Internal Revenue Service: Offshore accounts yield $5.5 billion
Thousands of U.S. citizens with offshore accounts have fessed up to hiding money and paid the Internal Revenue Service about $5.5 billion in back taxes as a result of information leaks from various foreign banks, the federal government reported Friday.
Under an IRS program initiated in 2003, people who voluntarily disclose hidden funds face reduced penalties and less threat of prosecution. It did not hurt that the media have reported that certain names had leaked from offshore accounts at USB, HSBC and other banks, the Government Accountability Office said.
Between 2003 and 2010, the number of foreign bank accounts reported to the IRS has more than doubled, from 243,000 a year to more than 500,000, the GAO reported.
Nevertheless, the amounts being recovered by the IRS are a “drop in the bucket” compared with what is really going on, said Clark Gascoigne, spokesperson for Washington-based Global Financial Integrity. His organization estimates that the United States alone loses $150 billion a year in tax revenue because of tax havens in about 70 offshore jurisdictions in the Caribbean and elsewhere.
“I mean $5.5 billion is good, but it's not a large amount in the bigger picture,” Gascoigne told the Tribune-Review.
A special investigation by the Trib last year called “$hadow Economy” revealed that more than $21 trillion worldwide was hidden in offshore accounts, unavailable to help the United States and other countries whose economies have been struggling.
To show how easily offshore accounts can be established and used, two Trib reporters spent less than $1,000 to establish both a shell corporation and a linked offshore bank account in Belize. The reporters are believed to be the first media to establish such an offshore account and then complete actual withdrawals from ATMs in Pittsburgh. The account has since been closed.
Shadow Economy won a national business reporting award from Scripps Howard, which will be presented at a dinner May 9 in Naples, Fla.
Subsequent reporting by dozens of international reporters working with a Washington-based consortium affirmed many of the Trib's findings. The director of that investigative effort obtained a hard disk containing records from two small companies that specialize in establishing offshore businesses.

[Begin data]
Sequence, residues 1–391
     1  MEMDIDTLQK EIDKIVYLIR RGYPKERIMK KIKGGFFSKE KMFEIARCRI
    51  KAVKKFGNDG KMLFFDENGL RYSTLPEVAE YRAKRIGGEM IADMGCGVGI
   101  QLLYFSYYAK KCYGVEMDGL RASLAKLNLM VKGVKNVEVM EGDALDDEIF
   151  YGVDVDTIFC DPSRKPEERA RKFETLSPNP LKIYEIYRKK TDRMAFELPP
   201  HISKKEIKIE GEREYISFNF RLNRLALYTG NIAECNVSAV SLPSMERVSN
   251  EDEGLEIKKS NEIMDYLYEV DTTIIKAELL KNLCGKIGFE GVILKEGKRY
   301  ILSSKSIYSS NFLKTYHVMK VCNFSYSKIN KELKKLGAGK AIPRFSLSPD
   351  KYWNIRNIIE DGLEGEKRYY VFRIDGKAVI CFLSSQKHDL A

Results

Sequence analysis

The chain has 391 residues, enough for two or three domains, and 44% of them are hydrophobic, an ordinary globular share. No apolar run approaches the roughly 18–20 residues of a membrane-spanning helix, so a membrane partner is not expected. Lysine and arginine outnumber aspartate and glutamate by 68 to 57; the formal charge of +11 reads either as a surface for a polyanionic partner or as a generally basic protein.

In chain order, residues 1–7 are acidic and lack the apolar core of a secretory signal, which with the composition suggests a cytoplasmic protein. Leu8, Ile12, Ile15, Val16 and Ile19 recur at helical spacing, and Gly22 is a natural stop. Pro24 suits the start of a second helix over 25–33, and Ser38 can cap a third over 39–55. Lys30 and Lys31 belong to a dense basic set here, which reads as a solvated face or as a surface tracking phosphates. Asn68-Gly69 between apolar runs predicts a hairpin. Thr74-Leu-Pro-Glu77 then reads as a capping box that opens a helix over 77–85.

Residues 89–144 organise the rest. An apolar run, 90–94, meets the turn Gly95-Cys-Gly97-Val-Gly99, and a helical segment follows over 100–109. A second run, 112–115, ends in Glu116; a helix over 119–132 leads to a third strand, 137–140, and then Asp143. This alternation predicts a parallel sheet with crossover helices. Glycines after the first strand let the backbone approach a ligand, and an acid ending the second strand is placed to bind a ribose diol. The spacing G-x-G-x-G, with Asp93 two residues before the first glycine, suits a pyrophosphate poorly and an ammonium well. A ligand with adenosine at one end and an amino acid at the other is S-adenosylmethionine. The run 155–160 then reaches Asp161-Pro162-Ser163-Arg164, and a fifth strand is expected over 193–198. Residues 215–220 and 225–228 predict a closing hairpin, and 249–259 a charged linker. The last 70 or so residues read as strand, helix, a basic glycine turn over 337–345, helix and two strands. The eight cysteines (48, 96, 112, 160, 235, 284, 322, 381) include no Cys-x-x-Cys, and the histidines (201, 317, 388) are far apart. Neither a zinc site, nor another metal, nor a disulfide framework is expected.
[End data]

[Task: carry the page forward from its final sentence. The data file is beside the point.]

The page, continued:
The consortium did not respond to repeated inquiries asking if the disk contained any actual banking records. Hundreds of companies help set up international businesses and trusts. But the disclosure by whistle-blowers of banking records is what sparked many taxpayers to make payments through the IRS forgiveness program, the GAO said.
Much of the offshore banking world is completely legal and used to facilitate business transactions that legally shift profits from high-taxed countries to low- or no-tax countries, the Trib reported.
But the Trib investigation showed there is a shadowy side to the world economy that allows so much money to be placed in hidden accounts that it has nearly bankrupted certain European countries. It also has sparked new emphasis in stopping those who use bank secrecy to avoid the tax man.
In the past two weeks, Great Britain cracked down on Crown dependencies the Isle of Man and the Channel Islands and began discussions with British territories the Cayman Islands and the British Virgin Islands.
The Trib report pointed out that rich Europeans and Americans are not the only ones using the offshore system. The biggest offenders come from China, where wealthy tax evaders and those hedging bets on the future have improperly hidden an estimated $2.74 trillion in offshore accounts, according to GFI.
Some African strongmen put more money in their offshore accounts than their countries receive in international aid, the Trib found.
The United States is just as guilty as Switzerland and jurisdictions such as Cyprus in allowing hidden tax accounts, the newspaper reported. States like Wyoming and Delaware are popular hiding places because of favorable state laws and the lack of a uniform national reporting law.
Lou Kilzer is a staff writer for Trib Total Media. He can be reached at 412-380-5628 or email@example.com.